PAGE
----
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U.S. Declaration of Independence (and declaration against government dependence)

By Richard Ebeling -- July 4, 2012

 “In inspiring words, the Founding Fathers in the Declaration of Independence insisted that each man should be considered as owning himself, and not be viewed as the property of the state to be manipulated by either king or Parliament.”

The Declaration of Independence, signed by members of the Continental Congress on July 4, 1776, is the founding document of the American experiment in free government. This is well taught and known.

But what is too often forgotten is that the Founding Fathers’s Declaration argued against the heavy and intrusive hand of big government. And it true today when dissident groups invoke the memory of the revolutionary period to call for political change anew.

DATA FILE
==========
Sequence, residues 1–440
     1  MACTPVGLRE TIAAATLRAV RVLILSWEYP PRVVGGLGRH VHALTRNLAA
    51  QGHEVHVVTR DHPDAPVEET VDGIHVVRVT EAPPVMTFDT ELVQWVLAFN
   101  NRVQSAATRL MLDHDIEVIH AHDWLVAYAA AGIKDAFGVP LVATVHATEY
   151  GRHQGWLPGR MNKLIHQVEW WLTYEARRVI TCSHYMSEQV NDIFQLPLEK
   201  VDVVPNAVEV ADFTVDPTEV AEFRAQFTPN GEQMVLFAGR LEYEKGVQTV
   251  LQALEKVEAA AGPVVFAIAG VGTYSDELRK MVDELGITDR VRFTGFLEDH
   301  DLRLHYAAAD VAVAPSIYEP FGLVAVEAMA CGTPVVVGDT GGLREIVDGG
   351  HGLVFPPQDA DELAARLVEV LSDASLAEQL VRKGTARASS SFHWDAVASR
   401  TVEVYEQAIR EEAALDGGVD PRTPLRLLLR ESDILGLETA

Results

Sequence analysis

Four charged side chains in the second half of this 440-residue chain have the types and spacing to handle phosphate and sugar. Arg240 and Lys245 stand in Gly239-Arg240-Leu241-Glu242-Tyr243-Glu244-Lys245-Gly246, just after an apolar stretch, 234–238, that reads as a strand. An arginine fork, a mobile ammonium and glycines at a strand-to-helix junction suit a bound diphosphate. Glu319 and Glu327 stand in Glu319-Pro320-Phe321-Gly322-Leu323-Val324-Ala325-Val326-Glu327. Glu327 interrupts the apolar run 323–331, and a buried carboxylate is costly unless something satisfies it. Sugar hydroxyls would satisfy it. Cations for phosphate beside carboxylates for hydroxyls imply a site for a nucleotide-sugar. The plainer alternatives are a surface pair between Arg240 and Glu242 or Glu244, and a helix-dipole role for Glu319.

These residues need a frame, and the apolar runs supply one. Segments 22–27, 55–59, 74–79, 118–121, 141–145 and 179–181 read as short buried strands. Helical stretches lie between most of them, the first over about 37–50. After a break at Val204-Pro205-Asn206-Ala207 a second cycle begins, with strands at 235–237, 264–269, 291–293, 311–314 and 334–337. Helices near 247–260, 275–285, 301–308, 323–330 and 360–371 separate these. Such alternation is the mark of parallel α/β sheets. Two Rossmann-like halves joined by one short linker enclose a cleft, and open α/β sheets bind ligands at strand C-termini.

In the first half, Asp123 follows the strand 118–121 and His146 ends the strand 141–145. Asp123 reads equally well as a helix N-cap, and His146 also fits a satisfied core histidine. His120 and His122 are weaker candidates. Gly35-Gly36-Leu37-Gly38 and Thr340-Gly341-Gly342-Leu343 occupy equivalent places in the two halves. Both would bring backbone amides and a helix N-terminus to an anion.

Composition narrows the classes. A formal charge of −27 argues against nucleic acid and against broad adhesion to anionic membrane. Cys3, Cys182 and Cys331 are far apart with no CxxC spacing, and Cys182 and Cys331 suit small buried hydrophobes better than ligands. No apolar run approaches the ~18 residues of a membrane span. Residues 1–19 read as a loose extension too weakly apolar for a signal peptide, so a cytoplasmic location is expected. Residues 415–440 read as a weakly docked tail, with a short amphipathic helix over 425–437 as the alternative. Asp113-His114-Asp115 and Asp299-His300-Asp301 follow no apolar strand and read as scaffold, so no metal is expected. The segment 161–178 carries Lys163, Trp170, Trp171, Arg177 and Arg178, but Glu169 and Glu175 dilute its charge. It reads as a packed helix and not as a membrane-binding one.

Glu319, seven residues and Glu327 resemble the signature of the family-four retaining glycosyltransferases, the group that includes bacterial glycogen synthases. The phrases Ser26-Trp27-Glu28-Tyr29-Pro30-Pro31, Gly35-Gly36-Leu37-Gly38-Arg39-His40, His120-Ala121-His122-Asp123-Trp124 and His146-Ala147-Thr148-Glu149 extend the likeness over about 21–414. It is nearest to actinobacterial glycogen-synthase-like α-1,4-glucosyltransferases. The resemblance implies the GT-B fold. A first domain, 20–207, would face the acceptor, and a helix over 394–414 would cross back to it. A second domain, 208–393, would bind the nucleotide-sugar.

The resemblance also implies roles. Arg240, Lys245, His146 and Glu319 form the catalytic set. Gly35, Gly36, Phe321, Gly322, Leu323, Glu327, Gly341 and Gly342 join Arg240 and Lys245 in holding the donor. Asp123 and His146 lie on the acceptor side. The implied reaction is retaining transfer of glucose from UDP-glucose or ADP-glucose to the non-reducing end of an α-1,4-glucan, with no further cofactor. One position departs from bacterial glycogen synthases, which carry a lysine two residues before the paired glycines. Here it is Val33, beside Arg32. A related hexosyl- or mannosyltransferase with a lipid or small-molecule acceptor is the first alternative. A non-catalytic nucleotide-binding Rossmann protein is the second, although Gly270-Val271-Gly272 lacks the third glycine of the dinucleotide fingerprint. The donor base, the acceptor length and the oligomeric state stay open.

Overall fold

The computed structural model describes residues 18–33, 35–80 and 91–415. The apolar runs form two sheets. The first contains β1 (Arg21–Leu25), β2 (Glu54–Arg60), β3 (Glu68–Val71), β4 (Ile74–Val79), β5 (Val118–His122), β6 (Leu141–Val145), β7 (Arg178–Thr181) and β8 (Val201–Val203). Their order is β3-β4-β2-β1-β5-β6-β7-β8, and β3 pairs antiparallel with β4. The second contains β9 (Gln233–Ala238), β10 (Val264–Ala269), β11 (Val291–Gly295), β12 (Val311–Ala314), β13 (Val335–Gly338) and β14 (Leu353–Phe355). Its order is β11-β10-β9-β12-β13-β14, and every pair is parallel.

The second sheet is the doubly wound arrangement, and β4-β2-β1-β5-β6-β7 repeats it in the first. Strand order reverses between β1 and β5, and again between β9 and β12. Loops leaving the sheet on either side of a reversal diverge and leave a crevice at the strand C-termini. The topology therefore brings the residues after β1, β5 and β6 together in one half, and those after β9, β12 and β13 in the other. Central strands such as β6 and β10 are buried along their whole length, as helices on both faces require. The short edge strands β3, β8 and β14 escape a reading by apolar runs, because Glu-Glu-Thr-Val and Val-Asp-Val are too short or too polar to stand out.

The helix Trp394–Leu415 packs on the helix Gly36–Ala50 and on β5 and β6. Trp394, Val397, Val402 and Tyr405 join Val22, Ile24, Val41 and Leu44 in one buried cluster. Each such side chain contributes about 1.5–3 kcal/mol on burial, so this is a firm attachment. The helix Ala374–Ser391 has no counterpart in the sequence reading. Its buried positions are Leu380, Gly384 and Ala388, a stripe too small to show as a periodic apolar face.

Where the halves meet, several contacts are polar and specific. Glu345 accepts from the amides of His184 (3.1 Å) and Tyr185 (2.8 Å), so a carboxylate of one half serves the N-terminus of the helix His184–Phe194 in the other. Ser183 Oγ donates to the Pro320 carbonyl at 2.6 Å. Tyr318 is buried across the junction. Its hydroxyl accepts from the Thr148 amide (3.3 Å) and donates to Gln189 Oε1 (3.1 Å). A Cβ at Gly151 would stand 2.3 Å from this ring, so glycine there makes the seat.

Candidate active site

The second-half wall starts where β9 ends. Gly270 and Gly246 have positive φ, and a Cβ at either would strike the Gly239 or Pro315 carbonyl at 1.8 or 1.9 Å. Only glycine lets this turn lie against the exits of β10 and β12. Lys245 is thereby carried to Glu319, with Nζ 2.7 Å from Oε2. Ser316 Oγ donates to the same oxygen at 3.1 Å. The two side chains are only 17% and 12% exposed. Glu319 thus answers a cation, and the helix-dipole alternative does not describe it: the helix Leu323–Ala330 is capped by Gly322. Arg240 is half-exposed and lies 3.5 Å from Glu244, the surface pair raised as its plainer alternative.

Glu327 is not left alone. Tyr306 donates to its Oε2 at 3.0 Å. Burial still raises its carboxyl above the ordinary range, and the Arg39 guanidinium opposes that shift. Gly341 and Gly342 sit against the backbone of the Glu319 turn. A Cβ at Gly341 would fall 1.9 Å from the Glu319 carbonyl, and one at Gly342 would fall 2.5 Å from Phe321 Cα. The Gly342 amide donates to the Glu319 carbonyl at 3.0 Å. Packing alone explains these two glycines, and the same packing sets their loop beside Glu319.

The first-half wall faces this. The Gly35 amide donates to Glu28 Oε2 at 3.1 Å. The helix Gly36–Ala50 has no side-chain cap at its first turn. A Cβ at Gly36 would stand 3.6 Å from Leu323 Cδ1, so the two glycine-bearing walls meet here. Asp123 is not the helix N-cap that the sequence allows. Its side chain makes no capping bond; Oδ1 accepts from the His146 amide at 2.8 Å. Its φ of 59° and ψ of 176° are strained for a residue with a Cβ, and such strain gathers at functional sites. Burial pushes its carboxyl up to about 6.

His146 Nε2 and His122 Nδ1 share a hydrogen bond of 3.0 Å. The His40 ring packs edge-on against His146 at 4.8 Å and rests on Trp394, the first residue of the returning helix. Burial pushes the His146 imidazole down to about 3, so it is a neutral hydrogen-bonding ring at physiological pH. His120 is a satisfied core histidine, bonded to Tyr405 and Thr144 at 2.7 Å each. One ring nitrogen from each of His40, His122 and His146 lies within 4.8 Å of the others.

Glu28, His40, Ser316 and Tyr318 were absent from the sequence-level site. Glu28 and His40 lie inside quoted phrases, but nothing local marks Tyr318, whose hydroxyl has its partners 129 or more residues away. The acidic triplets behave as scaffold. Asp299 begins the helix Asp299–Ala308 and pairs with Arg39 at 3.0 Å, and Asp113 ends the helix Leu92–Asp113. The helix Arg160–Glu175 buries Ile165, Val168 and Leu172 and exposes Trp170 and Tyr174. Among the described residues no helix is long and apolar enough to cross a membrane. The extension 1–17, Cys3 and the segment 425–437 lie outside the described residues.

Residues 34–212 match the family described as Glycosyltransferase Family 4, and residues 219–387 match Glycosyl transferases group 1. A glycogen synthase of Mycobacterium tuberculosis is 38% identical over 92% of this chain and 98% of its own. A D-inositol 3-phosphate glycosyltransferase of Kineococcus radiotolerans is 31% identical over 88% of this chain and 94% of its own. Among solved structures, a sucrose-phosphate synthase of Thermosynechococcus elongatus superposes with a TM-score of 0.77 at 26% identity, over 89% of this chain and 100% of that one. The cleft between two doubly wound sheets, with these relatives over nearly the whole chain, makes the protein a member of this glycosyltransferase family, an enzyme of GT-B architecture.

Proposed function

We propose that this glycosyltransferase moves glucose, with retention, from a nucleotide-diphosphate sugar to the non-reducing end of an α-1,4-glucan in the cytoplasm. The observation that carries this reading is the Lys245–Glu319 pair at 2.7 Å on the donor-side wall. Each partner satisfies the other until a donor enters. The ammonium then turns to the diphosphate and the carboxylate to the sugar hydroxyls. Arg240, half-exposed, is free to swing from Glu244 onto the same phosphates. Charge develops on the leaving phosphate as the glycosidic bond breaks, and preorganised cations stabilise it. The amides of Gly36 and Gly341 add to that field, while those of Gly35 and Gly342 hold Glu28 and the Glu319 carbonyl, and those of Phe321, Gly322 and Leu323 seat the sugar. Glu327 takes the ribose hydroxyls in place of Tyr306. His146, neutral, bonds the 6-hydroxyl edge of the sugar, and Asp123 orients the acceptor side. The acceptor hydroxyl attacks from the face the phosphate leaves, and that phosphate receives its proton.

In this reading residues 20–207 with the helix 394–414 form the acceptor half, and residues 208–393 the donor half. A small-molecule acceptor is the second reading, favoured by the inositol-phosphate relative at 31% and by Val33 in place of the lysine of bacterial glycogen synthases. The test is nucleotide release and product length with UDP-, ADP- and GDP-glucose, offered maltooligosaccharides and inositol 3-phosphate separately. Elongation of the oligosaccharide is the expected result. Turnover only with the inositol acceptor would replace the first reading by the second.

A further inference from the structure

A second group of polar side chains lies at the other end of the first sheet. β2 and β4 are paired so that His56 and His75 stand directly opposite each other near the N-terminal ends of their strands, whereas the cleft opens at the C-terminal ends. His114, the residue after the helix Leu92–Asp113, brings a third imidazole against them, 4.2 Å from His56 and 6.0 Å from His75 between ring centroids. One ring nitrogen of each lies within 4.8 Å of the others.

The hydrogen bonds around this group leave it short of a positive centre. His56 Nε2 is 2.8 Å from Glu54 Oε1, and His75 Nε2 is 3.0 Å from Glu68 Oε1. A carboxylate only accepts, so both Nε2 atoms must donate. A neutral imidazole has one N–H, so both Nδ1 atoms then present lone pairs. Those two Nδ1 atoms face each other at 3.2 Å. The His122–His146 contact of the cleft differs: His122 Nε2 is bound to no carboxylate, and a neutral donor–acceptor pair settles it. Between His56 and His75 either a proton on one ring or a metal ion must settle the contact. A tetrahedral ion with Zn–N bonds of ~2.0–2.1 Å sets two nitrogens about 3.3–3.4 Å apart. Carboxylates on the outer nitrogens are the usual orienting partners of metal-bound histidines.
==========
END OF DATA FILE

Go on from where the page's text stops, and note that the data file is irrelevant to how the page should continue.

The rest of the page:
For … and Against

Most Americans easily recall those eloquent words with which the Founding Fathers expressed the basis of their claim for independence from Great Britain in 1776:

We hold these truths to be self-evident, that all men are created equal, that they are endowed by their Creator with certain unalienable Rights, that among these are Life, Liberty, and the Pursuit of Happiness – That to secure these rights, Governments are instituted among Men, deriving their just powers from the consent of the governed – That whenever any Form of Government becomes destructive of these ends, it is the Right of the People to alter or abolish it, and to institute new Government, laying its foundation on such principles and organizing its powers in such form, as to them shall seem most likely to effect their Safety and Happiness.